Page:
The good news is that this powerful storm affecting us over the next 3 days will likely be the last one with this much moisture for a while. We may see a reinforcing cold front on Wednesday, but highs should be able to make it into the 50's. By later in the week, the pattern that produced so much mild weather during the winter could return as we may see air that has been warmed and dried by its trip over the Canadian Rockies. That could finally allow more May-like temperatures towards the end of next week.
Saturday 4/29/2017: Sunshine through high clouds, breezy, and continued seasonably cool. High: between 52 and 57. Winds: NE 10-18 MPH. Chance of measurable rainfall: 10%.
Saturday Night: Thickening clouds, breezy, and not as cold. Low: between 32 and 37. Winds: NE 10-18 MPH. Chance of measurable rainfall: 10%.
Sunday 4/30/2017: Cloudy with rain developing by midday. Some wet snow or sleet could mix in during the afternoon, but any frozen precipitation should melt on contact with the ground. Windy, wet, and chilly. High: between 40 and 45, falling to the middle 30's once the precipitation begins. Winds: NE 15-25 MPH. Chance of measurable precipitation: 30% through 10 AM, 80% from noon on.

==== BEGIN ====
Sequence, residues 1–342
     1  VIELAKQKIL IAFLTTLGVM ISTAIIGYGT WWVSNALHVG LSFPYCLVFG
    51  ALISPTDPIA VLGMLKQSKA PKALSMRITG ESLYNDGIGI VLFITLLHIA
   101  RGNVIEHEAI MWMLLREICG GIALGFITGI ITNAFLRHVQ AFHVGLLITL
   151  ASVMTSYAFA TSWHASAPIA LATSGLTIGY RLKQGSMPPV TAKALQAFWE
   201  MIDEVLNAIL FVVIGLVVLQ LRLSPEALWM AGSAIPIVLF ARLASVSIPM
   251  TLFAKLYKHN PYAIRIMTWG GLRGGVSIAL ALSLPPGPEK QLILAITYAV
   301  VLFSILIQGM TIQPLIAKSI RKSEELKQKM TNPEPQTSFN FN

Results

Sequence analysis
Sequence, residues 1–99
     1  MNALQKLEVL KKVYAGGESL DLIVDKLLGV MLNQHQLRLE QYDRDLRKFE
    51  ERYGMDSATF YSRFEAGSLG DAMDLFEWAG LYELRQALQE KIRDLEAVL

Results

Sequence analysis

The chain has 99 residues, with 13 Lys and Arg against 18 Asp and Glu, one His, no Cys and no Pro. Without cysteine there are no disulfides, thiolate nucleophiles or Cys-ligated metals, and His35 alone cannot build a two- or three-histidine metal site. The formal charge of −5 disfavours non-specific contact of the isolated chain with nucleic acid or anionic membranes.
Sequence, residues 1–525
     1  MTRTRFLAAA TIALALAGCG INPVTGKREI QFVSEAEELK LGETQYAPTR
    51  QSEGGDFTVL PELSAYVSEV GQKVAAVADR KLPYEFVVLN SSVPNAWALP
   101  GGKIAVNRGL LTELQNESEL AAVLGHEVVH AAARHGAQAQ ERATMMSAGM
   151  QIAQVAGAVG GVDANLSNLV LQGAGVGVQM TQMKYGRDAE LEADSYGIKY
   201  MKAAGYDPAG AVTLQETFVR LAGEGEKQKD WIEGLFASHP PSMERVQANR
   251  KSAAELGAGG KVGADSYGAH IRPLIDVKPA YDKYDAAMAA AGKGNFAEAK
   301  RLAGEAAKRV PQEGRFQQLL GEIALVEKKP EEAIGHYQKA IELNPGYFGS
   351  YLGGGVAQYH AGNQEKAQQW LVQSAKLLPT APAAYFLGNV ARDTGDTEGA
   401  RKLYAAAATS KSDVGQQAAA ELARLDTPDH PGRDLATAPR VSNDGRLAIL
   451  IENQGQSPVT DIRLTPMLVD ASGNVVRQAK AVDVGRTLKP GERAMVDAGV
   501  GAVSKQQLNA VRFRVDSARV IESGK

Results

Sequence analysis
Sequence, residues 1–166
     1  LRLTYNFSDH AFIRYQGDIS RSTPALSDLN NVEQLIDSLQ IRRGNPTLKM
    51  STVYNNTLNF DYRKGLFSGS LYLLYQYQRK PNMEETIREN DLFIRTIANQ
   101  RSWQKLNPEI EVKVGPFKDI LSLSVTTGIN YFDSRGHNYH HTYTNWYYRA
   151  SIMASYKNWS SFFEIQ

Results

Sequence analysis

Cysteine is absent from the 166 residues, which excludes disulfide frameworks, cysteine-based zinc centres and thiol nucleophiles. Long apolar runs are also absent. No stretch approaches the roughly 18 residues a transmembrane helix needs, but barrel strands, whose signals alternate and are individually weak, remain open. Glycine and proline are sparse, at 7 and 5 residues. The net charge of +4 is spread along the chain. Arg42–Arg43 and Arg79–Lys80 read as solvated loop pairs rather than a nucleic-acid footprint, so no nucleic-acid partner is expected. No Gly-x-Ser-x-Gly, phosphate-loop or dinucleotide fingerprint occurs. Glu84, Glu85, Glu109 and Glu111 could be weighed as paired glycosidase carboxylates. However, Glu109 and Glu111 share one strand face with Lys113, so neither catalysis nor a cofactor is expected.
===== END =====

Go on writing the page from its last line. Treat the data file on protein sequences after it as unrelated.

Confidence Level: "The Rabbits Will Sit on Top of the Pile of Papers"
Sunday Night: Cloudy with an evening mixture of wet snow, sleet, and rain likely. Precipitaiton will turn back to rain in the early morning hours. Precipitation will stay mixed overnight to the north and west of St. Cloud with some accumulation possible. Temperatures holding between 32 and 37. Winds: NE-N 15-25 MPH. Chance of measurable precipitation: 90%.
Monday 5/1/2017: Cloudy, windy, and colder with occasional rain or wet snow showers separated by periods of drizzle. Any wet snow will melt on contact with the ground. Windy, moist, and miserable. High: between 35 and 40. (record cold high: 39 in 2011). Winds: N 15-30 MPH. Chance of measurable precipitation: 70%.
Monday Night: Cloudy with a chance of scattered wet snow showers. A coating may be possible by morning. Slowly diminishing wind, and cold. Low: between 30 and 35. Winds: NW 10-20 MPH evening, 5-15 MPH late. Chance of measurable precipitation: 30%.
Tuesday 5/2/2017: The return of sunshine? Coolish, but it will be much warmer than recent weather. High: between 52 and 57. Winds: NW 8-15 MPH. Chance of measurable precipitation: 10%.
Confidence Level: "The Rabbits Will Only Eat Parts of the Bad Papers"
Extended: Still in the 50's on Wednesday. May-ish weather to reemerge late in the week or towards the weekend???
Forecast Confidence (10 - "Know what gas will cost next week, Bob?"; 0 - "Been a victim of road rage lately, Bob?"): 8 Saturday and Saturday night, 6 Sunday, 5 Sunday night through Monday night, 4 Tuesday.
Yesterday's High: 52°F; Overnight Low (through 4 AM): 37°F
St. Cloud Airport Precipitation (through 4 AM Saturday): None; SCSU Precipitation (through 4 AM Saturday): None
|April 29 Historical Data||High||Low|
|Record Temperatures||86°F (1952)||60°F (2001)|
|33°F (1909)||18°F (1958)|
Next Update: Sunday, April 30, 2017 8:00 AM (or as needed)
Next Update: Saturday, April 29, 2017 8:00 AM (or as needed)
- Full UCAR surface chart menu
- NWS Minnesota Hourly Weather Round-Up